(StatCan Product) Customization details:  This information product has been customized to present information on labour force estimates by industry and by occupation (2 and 3 digits) for Alberta’s Economic Regions (excluding Edmonton and Calgary) from 2000 to 2013 using annual averages.  The LFS characteristics presented are:  - Labour Force     - Employment  The economic regions presented are:  - Lethbridge – Medicine Hat - Camrose – Drumheller - Banff- Jasper – Rocky Mountain House - Red Deer - Athabasca – Grande Prairie – Peace River - Wood Buffalo – Cold Lake   For more information about the occupations and industries presented, contact OSI.Support@gov.ab.ca  Labour Force Survey  The Canadian Labour Force Survey was developed following the Second World War to satisfy a need for reliable and timely data on the labour market. Information was urgently required on the massive labour market changes involved in the transition from a war to a peace-time economy. The main objective of the LFS is to divide the working-age population into three mutually exclusive classifications - employed, unemployed, and not in the labour force - and to provide descriptive and explanatory data on each of these.  Target population  The LFS covers the civilian, non-institutionalized population 15 years of age and over. It is conducted nationwide, in both the provinces and the territories. Excluded from the survey's coverage are: persons living on reserves and other Aboriginal settlements in the provinces; full-time members of the Canadian Armed Forces and the institutionalized population. These groups together represent an exclusion of less than 2% of the Canadian population aged 15 and over. National Labour Force Survey estimates are derived using the results of the LFS in the provinces. Territorial LFS results are not included in the national estimates, but are published separately.  Documentation – Labour Force Survey  Instrument design  The current LFS questionnaire was introduced in 1997. At that time, significant changes were made to the questionnaire in order to address existing data gaps, improve data quality and make more use of the power of Computer Assisted Interviewing (CAI). The changes incorporated included the addition of many new questions. For example, questions were added to collect information about wage rates, union status, job permanency and workplace size for the main job of currently employed employees. Other additions included new questions to collect information about hirings and separations, and expanded response category lists that split existing codes into more detailed categories.  Sampling  This is a sample survey with a cross-sectional design.  Data sources  Responding to this survey is mandatory. Data are collected directly from survey respondents. Data collection for the LFS is carried out each month during the week following the LFS reference week. The reference week is normally the week containing the 15th day of the month. LFS interviews are conducted by telephone by interviewers working out of a regional office CATI (Computer Assisted Telephone Interviews) site or by personal visit from a field interviewer. Since 2004, dwellings new to the sample in urban areas are contacted by telephone if the telephone number is available from administrative files, otherwise the dwelling is contacted by a field interviewer. The interviewer first obtains socio-demographic information for each household member and then obtains labour force information for all members aged 15 and over who are not members of the regular armed forces. The majority of subsequent interviews are conducted by telephone. In subsequent monthly interviews the interviewer confirms the socio-demographic information collected in the first month and collects the labour force information for the current month. Persons aged 70 and over are not asked the labour force questions in subsequent interviews, but rather their labour force information is carried over from their first interview. In each dwelling, information about all household members is usually obtained from one knowledgeable household member. Such 'proxy' reporting, which accounts for approximately 65% of the information collected, is used to avoid the high cost and extended time requirements that would be involved in repeat visits or calls necessary to obtain information directly from each respondent.  Error detection  The LFS CAI questionnaire incorporates many features that serve to maximize the quality of the data collected. There are many edits built into the CAI questionnaire to compare the entered data against unusual values, as well as to check for logical inconsistencies. Whenever an edit fails, the interviewer is prompted to correct the information (with the help of the respondent when necessary). For most edit failures the interviewer has the ability to override the edit failure if they cannot resolve the apparent discrepancy. As well, for most questions the interviewer has the ability to enter a response of Don't Know or Refused if the respondent does not answer the question. Once the data is received back at head office an extensive series of processing steps is undertaken to thoroughly verify each record received. This includes the coding of industry and occupation information and the review of interviewer entered notes. The editing and imputation phases of processing involve the identification of logically inconsistent or missing information items, and the correction of such conditions. Since the true value of each entry on the questionnaire is not known, the identification of errors can be done only through recognition of obvious inconsistencies (for example, a 15 year-old respondent who is recorded as having last worked in 1940).  Estimation  The final step in the processing of LFS data is the assignment of a weight to each individual record. This process involves several steps. Each record has an initial weight that corresponds to the inverse of the probability of selection. Adjustments are made to this weight to account for non-response that cannot be handled through imputation. In the final weighting step all of the record weights are adjusted so that the aggregate totals will match with independently derived population estimates for various age-sex groups by province and major sub-provincial areas. One feature of the LFS weighting process is that all individuals within a dwelling are assigned the same weight. In January 2000, the LFS introduced a new estimation method called Regression Composite Estimation. This new method was used to re-base all historical LFS data. It is described in the research paper ""Improvements to the Labour Force Survey (LFS)"", Catalogue no. 71F0031X. Additional improvements are introduced over time; they are described in different issues of the same publication.  Data accuracy  Since the LFS is a sample survey, all LFS estimates are subject to both sampling error and non-sampling errors. Non-sampling errors can arise at any stage of the collection and processing of the survey data. These include coverage errors, non-response errors, response errors, interviewer errors, coding errors and other types of processing errors. Non-response to the LFS tends to average about 10% of eligible households. Interviews are instructed to make all reasonable attempts to obtain LFS interviews with members of eligible households. Each month, after all attempts to obtain interviews have been made, a small number of non-responding households remain. For households non-responding to the LFS, a weight adjustment is applied to account for non-responding households. Sampling errors associated with survey estimates are measured using coefficients of variation for LFS estimates as a function of the size of the estimate and the geographic area.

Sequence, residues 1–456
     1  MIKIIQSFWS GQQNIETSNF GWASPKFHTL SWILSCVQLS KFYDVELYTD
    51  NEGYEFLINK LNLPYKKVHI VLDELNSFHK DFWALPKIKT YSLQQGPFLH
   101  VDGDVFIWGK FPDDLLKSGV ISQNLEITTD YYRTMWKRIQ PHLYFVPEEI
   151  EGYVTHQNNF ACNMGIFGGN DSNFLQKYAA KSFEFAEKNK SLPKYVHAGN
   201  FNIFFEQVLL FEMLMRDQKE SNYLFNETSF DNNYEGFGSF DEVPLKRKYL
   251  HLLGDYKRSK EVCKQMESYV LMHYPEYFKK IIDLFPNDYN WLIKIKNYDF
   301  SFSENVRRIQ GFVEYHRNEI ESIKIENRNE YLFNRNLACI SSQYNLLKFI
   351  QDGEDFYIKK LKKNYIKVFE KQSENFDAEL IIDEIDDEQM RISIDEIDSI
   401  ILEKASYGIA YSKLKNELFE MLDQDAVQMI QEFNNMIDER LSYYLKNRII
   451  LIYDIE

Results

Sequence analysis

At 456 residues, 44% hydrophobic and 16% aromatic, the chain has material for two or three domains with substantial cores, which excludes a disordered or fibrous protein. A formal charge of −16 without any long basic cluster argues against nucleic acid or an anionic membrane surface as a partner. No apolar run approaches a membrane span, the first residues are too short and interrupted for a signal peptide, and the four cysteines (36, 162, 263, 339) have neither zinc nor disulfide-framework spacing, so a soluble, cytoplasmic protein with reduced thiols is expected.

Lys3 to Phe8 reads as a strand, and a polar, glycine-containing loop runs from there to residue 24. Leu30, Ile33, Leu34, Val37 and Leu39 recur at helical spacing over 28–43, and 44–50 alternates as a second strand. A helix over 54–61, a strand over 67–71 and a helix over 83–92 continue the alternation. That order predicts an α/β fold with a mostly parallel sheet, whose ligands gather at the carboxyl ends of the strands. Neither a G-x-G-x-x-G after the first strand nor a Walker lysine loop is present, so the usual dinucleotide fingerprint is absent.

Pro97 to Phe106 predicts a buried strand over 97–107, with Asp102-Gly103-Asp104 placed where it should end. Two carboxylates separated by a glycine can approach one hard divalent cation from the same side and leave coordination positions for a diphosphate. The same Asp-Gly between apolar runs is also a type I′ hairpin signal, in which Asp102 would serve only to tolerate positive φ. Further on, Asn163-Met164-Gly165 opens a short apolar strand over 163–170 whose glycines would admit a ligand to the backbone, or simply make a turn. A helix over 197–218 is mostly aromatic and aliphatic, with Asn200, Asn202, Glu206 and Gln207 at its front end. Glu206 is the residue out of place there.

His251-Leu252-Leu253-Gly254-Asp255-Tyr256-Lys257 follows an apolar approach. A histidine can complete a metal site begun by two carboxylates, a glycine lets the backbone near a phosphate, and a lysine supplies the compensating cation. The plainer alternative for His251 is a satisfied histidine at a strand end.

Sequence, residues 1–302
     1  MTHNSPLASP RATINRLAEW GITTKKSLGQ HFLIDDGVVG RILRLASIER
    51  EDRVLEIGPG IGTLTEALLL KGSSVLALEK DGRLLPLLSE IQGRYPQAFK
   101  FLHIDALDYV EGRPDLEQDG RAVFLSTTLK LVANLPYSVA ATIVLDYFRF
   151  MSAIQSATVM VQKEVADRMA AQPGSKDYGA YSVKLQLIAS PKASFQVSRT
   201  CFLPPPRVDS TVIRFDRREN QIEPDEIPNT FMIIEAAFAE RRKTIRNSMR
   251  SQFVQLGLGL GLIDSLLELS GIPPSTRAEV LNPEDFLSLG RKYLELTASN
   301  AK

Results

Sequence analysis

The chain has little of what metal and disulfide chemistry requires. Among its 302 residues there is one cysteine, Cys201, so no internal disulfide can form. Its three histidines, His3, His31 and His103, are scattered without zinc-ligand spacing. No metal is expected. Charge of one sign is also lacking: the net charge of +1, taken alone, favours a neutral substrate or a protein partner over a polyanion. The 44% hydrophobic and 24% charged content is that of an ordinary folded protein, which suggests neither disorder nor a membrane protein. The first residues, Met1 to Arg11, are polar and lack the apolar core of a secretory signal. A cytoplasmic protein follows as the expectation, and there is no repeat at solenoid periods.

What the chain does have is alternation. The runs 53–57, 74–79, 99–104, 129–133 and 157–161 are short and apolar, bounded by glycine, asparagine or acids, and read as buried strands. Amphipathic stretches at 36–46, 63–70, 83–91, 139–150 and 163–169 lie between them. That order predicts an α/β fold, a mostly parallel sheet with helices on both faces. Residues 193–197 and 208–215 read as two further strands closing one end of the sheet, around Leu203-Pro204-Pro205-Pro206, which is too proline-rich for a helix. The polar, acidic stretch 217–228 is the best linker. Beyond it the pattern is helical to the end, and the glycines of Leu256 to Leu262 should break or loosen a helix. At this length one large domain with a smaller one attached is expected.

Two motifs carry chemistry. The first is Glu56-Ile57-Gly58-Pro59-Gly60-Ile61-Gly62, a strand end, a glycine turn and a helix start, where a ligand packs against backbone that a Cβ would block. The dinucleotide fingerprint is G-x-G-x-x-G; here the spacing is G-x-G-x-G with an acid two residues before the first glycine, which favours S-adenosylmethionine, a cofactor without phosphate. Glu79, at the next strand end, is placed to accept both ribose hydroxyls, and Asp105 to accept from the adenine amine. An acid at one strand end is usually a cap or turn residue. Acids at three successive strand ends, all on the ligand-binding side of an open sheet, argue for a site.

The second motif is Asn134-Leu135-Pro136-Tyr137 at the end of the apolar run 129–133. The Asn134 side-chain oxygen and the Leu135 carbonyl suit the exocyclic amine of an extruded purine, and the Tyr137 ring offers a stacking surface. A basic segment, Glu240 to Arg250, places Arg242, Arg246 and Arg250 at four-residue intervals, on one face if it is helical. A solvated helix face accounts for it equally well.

Marital Status, Alberta Economic Regions